One of the huge problems in health and long-term care services is that typically decisions get made regarding services, the organization of services, the timing of services, who delivers the service by persons occupying positions of authority. Decisions at a high regulatory level are made by government officials who may or may not, usually not, have had training and experience in the area of concern by the regulation. This phenomenon is not uncommon in governmental regulatory agencies.
At a clinical or direct service level, decisions get made by staff who are engaged, as is the case in nursing homes, to provide direction for administration, care, activity and such. Decisions are influenced by government regulations, national and provincial best-practices, and collaboration between service providers including physicians. Often equipment suppliers play a role as they introduce the best of technology at “trade shows” and communicate new technology to service providers.
Important in the policy and regulation development, therefore, has been the influence of government regulations and research findings that come from the academic world. Most of these sources provide good and timely information but never in my career have I seen a book like Wading Into Life’s Changing Tides. Written by a bright, alert, intelligent former teacher and author of other books, Mary Ryan’s experience has been remarkable and worth reading for in it she tells of the transition from a perspective that we, in long term care, can only describe intellectually. It is one thing to have a physician, nurse or social worker describe the transition and what it entails, but, oh, quite a different story when told by the patient experiencing it.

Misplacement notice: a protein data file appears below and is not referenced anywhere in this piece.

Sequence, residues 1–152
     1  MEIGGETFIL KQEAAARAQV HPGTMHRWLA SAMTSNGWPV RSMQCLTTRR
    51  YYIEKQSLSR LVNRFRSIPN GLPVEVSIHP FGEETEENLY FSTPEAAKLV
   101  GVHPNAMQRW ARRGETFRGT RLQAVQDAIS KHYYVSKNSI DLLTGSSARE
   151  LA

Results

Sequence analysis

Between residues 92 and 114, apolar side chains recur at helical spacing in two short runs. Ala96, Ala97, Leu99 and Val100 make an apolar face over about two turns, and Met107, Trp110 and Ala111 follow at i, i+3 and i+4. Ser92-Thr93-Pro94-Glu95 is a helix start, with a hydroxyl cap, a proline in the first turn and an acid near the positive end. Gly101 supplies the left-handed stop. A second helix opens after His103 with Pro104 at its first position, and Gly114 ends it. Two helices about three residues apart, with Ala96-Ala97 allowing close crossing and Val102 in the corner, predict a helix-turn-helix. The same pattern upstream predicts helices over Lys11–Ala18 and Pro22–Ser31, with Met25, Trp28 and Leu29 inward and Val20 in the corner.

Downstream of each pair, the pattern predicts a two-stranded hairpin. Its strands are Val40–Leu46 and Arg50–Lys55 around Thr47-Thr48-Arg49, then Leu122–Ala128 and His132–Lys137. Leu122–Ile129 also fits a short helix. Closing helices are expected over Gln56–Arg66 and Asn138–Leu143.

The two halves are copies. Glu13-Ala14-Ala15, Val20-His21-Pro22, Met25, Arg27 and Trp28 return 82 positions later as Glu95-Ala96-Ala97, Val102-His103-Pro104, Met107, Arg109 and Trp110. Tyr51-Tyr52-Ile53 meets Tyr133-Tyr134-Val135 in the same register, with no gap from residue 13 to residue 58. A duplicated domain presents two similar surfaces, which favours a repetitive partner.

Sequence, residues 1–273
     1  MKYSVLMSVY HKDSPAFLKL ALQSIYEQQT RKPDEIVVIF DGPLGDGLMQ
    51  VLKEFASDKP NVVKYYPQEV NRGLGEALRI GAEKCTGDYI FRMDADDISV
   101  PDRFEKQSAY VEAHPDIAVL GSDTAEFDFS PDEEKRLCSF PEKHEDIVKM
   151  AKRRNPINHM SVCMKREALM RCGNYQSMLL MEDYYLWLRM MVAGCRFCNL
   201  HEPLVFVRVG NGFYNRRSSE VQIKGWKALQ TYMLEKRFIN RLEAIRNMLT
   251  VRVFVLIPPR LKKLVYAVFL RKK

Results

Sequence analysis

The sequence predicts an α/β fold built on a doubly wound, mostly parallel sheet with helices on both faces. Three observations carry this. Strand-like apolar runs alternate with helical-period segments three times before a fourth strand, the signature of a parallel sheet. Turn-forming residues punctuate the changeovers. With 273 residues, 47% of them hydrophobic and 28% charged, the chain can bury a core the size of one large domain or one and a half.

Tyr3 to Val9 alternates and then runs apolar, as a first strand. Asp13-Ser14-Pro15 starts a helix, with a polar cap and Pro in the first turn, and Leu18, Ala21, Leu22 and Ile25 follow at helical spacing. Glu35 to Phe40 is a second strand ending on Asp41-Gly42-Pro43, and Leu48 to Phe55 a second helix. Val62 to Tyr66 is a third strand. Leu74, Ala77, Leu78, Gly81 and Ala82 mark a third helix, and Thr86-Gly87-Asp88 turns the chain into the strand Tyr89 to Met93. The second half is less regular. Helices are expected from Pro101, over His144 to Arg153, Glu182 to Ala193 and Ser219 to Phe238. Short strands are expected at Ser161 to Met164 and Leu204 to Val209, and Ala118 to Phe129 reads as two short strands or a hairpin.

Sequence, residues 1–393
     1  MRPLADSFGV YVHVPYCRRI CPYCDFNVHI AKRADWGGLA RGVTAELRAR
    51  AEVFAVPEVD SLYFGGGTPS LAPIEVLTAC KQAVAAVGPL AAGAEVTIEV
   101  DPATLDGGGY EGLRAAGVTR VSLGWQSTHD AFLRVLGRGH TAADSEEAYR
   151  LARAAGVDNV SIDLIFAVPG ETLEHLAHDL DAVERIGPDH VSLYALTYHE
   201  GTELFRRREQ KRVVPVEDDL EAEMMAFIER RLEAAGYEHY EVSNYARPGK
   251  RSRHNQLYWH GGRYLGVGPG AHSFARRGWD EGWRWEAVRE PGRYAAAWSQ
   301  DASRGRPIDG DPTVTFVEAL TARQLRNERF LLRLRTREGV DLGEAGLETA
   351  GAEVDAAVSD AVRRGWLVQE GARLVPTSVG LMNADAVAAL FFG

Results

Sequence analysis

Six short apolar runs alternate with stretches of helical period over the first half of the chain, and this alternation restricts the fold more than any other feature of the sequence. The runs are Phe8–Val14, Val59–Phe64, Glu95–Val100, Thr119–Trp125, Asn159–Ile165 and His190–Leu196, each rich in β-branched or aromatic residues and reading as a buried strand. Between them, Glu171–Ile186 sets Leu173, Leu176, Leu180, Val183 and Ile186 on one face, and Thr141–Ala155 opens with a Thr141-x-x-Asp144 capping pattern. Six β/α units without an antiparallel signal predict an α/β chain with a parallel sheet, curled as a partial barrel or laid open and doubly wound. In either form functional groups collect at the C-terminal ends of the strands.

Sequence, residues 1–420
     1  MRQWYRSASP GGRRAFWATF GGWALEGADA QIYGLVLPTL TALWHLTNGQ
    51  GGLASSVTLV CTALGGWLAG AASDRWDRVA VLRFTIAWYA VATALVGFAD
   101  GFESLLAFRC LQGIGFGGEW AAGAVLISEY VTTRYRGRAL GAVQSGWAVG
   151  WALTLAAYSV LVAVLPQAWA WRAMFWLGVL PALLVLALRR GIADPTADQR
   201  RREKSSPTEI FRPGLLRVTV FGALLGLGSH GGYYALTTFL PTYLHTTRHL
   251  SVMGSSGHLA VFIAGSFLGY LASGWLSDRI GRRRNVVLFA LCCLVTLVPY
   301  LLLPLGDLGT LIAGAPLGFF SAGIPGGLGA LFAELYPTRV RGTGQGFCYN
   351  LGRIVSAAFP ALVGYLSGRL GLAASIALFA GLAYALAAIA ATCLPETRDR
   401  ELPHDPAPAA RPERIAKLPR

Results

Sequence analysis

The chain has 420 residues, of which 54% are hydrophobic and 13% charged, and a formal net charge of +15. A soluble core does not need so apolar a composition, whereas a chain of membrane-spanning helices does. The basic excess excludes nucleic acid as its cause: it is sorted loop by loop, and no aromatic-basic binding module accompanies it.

Think of it: one day you are going through life as the bubbly, vibrant active intellect that Mary Ryan has been. Just chatting with her for a while and seeing the books she has written gives a good introduction to a very special person. As I read it, I was taken with the things that I probably did not consider when I was active in the system. She describes the shock to her system in learning to adapt to fairly sudden immobility along with other health issues.
She describes in much detail how important are the observations made by staff along with the shift-to-shift communication and transfer of information. Excellent performance by staff is recognized by residents to a level that many may not even consider. With residents who are suddenly reliant on others, often the little things make such a difference up to and including smiles, attitudes, voice tones, being aware of details of care.